The Department of Drama, Theatre and Dance is fortunate in having the Arboretum situated at the back of the Katharine Worth Building. This is a unique, environmentally rich and theatrical space.
The Arboretum, also originally known as the London University Botanical Gardens, has ‘one of the finest post-1950 tree-plantings in the British Isles’ (Alan Mitchell, internationally distinguished arboriculturalist, 1989) and includes many trees rare in the British Isles. Professor Frank Jane, the head London University Botanical Supply Unit, which supplied all the University of London colleges with plant specimens for undergraduate and research use, was responsible for much of the planting.
Arboretum Summer Workshop - May 2021
Led by Libby Worth and Rebecca McCutcheon
The summer term workshop in the arboretum offered drama students an opportunity to explore 3.5 acres of land that was originally part of the Botany Department at RHUL with a wide range of trees from around the world planted for study from 1950 into the 1970s. It now stretches back from the Drama, Theatre and Dance Department buildings. Jonathan Howe (Head of External Spaces) led a short tour of the arboretum to explain its history and the significance of the trees, some of which are endangered, together with current approaches to their care and upkeep. See information on the site here.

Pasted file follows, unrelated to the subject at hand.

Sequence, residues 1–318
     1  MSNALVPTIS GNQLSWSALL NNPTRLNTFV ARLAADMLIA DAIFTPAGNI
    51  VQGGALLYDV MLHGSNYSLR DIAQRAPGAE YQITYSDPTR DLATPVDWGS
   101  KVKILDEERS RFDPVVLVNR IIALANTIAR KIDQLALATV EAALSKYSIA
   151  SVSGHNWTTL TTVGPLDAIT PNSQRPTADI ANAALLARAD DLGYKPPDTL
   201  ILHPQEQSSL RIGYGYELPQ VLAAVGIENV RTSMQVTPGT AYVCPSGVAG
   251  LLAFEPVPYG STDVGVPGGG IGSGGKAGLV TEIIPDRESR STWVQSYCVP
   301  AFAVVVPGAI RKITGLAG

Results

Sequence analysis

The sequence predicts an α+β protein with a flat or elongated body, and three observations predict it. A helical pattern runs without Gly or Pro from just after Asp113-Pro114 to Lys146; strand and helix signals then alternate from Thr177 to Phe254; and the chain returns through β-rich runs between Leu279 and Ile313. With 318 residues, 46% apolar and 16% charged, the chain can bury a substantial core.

The workshop focus was on environmental sustainability and the creation of movement and text performances in response to the special qualities of the woods. We created scratch performances on the final day which were filmed rather than offered live to ensure safety given the pandemic restrictions/concerns. See the photos and short film below to gain a glimpse into student responses to the space that generated dance and spoken word poems. The workshop began with the idea of sleep walking into climate change but developed to incorporate many more themes in response to release from lockdown and appreciation of the role that the natural environment has played during recent extended periods of isolation and restriction.
L: Measuring the Oak to gauge its age - at least 150 years old. Jessica Lingard-Nutt and Brandon Thompson.
R: Looking for tree rot and fungus. Jonathan Howe (Head Gardener), Jessica Lingard-Nutt, Brandon Thompson and Rebecca McCutcheon.
L-R: Movement with trees. Hualo and Natasha Richardson. All images © Libby Worth 2021.
Performers: Silver beech, Sweet Chestnut and Cockspur Hawthorn with Oscar Roemmele and Brandon Thompson.
Filmed by: Julie Brixey-Williams (Guest visual artist and PhD student at University of Reading)
Film editor: Brandon Thompson